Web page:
We know what it’s like to wake up after a big party or visit from the future: the morning after, we stumble into the mirror, see the frown lines of party last night and the weathered skin of graying hair and think of the self-improvement thing we should do. Maternity leave or bartering our face for a date means that we can’t even take stock of how great we look.
We also know that it’s not just the self-image that’s a problem. We have good reason to fear the effects of this visible “realness” on our brains. Strict exercise routines and other forms of behavioral “growth” often shut down important areas of the brain that prepare us for the cognitive demands of adult life, so that we face the most challenging cognitive tasks long after our muscles are no longer able to do it.
The professor and management expert Kim Miles Frigo is a rare exception to these well-established laws of evolution. She has actually trained her adult brain to respond strongly to aerobic activity.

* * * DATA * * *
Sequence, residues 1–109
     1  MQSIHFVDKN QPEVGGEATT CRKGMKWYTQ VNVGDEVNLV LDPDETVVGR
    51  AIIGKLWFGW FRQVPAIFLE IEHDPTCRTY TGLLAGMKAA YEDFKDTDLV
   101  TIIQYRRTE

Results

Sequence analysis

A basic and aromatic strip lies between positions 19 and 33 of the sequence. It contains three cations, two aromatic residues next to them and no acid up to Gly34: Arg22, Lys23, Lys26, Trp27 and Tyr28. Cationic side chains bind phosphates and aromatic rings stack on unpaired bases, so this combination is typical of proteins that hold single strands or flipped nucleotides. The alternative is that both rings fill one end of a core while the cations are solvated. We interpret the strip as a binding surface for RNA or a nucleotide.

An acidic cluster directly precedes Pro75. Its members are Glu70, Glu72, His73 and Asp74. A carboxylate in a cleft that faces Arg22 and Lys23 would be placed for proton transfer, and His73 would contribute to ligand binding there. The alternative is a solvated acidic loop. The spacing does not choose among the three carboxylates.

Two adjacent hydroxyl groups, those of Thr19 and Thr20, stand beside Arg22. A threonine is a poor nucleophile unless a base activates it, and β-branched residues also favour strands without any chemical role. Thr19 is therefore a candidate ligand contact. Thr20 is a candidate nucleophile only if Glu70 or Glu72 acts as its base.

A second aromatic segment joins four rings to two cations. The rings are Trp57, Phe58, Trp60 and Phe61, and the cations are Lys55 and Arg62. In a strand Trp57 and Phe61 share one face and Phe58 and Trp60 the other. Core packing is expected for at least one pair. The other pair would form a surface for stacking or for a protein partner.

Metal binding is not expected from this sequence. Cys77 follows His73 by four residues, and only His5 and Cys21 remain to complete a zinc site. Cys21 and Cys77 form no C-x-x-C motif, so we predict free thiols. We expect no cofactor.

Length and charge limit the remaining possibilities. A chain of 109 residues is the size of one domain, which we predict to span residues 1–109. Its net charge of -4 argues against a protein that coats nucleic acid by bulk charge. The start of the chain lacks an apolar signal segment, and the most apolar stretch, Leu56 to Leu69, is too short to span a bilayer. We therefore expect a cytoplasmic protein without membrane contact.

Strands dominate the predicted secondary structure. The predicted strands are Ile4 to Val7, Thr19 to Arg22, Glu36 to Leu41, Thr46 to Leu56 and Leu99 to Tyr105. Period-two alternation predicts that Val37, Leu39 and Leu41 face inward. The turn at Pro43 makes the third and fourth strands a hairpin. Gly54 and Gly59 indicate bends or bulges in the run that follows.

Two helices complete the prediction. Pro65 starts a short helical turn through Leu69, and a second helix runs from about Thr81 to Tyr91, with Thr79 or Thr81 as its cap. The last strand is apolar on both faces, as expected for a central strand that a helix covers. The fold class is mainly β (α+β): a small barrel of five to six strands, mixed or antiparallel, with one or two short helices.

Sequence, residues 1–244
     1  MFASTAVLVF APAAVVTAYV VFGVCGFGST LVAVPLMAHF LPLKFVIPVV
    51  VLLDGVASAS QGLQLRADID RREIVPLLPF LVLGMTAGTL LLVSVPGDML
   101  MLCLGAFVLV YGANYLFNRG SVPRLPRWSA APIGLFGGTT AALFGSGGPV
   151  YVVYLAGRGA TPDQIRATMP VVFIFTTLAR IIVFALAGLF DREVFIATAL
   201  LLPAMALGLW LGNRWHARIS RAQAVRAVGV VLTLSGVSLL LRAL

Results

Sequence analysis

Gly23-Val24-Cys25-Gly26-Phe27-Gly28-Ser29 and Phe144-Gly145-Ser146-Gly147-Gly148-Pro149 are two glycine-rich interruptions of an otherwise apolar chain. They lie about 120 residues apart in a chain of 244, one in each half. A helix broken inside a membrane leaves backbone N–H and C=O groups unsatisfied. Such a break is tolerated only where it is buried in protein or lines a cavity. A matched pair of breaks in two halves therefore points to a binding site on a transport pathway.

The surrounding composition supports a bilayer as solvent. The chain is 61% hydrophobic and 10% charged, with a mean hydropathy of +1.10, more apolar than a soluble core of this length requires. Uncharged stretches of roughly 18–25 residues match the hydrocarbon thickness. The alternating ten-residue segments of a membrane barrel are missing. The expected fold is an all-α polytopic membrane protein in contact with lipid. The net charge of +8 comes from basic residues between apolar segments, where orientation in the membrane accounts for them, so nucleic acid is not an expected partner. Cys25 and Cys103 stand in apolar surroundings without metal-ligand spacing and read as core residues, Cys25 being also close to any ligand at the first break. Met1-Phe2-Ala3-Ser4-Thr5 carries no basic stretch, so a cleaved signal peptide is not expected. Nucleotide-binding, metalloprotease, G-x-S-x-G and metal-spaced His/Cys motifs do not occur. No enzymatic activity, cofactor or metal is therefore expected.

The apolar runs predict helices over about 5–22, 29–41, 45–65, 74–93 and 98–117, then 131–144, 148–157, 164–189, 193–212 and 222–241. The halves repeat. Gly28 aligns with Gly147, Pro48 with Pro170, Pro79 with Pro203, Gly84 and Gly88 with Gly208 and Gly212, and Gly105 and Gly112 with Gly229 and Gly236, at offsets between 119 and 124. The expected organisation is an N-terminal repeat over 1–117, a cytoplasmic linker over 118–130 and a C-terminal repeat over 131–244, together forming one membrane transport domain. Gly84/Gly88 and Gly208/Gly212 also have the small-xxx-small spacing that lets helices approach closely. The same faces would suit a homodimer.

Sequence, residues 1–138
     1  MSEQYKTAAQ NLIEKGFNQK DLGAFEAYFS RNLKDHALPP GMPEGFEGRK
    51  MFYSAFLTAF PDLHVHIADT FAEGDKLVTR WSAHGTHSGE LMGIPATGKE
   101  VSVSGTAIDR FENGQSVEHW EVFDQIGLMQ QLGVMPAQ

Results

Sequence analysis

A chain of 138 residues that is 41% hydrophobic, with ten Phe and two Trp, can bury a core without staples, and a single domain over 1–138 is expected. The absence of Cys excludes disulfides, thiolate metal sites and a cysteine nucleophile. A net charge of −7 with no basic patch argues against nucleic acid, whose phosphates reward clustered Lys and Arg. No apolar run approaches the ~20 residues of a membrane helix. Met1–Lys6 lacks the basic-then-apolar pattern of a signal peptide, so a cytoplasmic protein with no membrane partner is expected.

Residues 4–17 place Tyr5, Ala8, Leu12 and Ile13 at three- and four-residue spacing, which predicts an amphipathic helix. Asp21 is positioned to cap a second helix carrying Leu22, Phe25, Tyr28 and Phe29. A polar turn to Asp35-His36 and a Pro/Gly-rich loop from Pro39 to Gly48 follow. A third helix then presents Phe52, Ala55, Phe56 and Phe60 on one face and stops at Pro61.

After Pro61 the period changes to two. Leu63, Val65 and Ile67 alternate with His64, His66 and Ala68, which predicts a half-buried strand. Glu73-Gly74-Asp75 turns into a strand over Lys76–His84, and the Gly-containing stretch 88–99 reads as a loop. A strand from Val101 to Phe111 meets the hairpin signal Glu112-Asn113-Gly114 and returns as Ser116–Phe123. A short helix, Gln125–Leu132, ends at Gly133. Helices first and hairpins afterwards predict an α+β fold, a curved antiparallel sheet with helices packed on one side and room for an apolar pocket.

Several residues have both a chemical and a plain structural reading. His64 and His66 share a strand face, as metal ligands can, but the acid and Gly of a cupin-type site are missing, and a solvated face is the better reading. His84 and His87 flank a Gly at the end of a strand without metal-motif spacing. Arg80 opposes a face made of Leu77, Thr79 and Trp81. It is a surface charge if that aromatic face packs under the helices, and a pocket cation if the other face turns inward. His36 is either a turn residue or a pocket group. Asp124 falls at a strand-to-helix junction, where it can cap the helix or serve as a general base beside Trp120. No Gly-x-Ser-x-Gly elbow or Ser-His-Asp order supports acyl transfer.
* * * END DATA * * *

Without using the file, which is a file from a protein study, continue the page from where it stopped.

Ms. Frigo is best known for her leadership in the National Sports Leadership Academy, an international school for classical musicians and athletes. She and her colleagues develop future athletic stars by taking regular fitness tests and requiring them to remain active — at their next symphony rehearsal, they hike on a forest hike and go swimming or playing volleyball, for example.
The exercise requires exercise and recovery, which is in short supply in most of the world. Indeed, half of the annual incidence of exercise-related disorders could be prevented just by getting regular physical activity, according to American Council on Exercise researchers.